23 Aug Let’s go
The motivation tank about 80% filled, I left the campsite with a crying and a laughing eye. Because on the one hand, it was, after all, paradise, which did me incredible good. On the other hand, it shrank my travel fund in no time.
The road knew how hard it was for me to say goodbye to the sea, so I was allowed to walk more than 10 km along the coast and catch epic views.
It felt great to be on the road again, but of course many memories of the time with Johanna came back to mind and heart. May the views of the ocean be epic, the view I had of my wife running for hours each day was gorgeous. Navigating, was much more difficult, because now I had to pay attention to the traffic, the road and the cell phone at the same time, before Johanna took over the first two points. But most of all, I noticed the approximately three weeks of running-free time. My condition had probably visited my motivation in the basement and stayed there.
At some point it was time to say goodbye to the sea. My way led me now approx. 230 km by the hinterland, this began symbolically with the crossing of a large stone arch bridge. And indeed, I immediately found myself in another world. There was nothing to see of the sea, even the pleasant sea breeze had no desire for mountainous hinterland and so I found myself on well paved, sometimes very steep car roads between rocks. I was amazed when on the other side of the road, under a tree, a herd of wild goats with huge horns enjoyed a shady spot and looked at me rather suspiciously while I passed them panting like a donkey with his cart.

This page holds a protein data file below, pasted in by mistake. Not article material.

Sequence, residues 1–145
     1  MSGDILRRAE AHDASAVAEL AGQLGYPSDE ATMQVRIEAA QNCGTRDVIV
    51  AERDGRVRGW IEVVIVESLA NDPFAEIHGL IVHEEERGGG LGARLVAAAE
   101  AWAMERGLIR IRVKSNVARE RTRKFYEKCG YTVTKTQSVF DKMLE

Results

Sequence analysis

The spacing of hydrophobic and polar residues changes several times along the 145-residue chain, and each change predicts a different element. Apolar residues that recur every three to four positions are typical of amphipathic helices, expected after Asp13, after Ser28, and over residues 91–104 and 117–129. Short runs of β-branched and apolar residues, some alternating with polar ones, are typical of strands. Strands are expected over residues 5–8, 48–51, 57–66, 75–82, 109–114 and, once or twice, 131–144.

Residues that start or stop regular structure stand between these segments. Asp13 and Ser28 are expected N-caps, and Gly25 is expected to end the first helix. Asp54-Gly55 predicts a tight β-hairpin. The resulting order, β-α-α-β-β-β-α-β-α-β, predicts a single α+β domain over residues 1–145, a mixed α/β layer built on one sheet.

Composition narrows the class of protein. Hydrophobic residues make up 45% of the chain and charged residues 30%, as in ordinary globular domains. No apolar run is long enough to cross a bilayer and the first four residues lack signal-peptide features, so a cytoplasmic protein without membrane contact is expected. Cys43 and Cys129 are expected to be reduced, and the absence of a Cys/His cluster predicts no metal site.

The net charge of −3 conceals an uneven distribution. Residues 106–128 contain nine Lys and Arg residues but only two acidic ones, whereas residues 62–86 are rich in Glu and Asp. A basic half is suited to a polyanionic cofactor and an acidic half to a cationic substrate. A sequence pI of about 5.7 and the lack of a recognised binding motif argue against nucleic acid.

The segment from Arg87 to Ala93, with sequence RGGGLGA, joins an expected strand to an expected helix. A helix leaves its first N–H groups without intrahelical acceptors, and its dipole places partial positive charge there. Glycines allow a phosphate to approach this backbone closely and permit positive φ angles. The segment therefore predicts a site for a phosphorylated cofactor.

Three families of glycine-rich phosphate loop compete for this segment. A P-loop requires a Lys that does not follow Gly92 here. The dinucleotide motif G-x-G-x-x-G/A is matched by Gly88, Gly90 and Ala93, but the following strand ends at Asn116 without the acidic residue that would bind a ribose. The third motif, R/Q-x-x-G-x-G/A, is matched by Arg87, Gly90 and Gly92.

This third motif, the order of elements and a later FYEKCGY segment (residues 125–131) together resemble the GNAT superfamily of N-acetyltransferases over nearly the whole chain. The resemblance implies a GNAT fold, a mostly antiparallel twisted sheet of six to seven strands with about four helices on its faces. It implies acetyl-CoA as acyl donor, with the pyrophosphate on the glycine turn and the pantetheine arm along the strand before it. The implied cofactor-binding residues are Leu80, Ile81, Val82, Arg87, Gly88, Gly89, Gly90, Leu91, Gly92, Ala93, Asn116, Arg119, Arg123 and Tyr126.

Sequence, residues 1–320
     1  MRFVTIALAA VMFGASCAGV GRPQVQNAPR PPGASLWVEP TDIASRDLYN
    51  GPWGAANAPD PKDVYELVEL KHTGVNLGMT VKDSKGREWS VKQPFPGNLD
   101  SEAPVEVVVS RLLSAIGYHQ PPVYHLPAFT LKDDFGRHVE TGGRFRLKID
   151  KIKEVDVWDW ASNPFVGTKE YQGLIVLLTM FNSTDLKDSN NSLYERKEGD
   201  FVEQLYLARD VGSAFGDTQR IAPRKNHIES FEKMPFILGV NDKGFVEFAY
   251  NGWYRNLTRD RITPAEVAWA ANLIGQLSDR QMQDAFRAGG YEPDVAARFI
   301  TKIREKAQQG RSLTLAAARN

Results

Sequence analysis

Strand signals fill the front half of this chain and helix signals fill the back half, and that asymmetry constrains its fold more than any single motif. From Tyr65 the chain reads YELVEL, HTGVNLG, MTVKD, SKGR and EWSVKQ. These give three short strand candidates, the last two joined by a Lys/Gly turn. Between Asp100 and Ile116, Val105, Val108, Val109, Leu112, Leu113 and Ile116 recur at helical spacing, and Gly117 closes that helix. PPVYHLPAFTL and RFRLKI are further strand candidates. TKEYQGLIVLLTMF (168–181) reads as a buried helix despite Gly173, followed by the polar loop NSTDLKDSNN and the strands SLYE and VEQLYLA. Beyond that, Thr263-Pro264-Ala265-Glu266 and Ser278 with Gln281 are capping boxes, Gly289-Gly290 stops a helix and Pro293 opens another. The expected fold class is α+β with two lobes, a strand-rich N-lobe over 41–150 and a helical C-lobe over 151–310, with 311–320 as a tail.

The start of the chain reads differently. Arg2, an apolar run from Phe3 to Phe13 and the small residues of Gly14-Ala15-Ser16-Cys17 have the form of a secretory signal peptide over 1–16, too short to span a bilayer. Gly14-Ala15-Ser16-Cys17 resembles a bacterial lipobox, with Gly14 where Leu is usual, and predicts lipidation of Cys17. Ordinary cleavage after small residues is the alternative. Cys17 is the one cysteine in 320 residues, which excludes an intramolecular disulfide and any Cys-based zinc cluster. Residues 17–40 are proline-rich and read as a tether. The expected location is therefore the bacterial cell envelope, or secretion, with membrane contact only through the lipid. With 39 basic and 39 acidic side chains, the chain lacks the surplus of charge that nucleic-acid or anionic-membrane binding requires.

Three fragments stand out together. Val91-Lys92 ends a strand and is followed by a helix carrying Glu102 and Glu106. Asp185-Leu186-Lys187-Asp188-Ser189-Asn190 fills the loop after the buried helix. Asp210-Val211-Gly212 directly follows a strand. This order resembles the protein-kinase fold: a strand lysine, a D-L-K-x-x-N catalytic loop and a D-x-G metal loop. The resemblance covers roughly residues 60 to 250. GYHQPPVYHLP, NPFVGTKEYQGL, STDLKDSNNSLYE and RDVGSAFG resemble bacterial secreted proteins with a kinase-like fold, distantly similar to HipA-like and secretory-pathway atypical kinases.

So I mastered serpentine after serpentine and hoped every time, please after the next bend no longer so steep uphill or downhill. But, as the Russian proverb says, “Hope is the meadow in which fools graze.” Then came the long-awaited turnoff to a side street where I had marked a possibly suitable place to sleep. In fact, it became a real back road, including gravel road and apparently very rarely traveled and some forest. So I set up my sleeping camp after about 16 km. Since the ground was overgrown with very prickly plants and covered with many stones, I decided to use the hammock. So ready and overheated as I was, I left out the sleeping pad, because at night it was not really cold, but still 17 degrees below body temperature and so my first night was a very chilly experience. In addition, there were the noises, or rather the noise. For to one side was a highway and to the other a quarry with a stone-scraper. And there he was again the fool in the meadow of hope. “It’s not like they’re working through the night, and I’m sure the cars are getting fewer, too.” Ha, Ha, hope laughed itself crooked. Of course, they worked through the night, and of course the stones had to be picked up every quarter of an hour by a fat truck, and whether there were fewer cars on the expressway didn’t matter at all, because every motorcycle, every moped at full throttle or the turbo of a superduper car brought me closer to a heart attack. Also, at night everything moves closer together and I thought I was lying right in the quarry where a car race was taking place and I would fall asleep every now and then.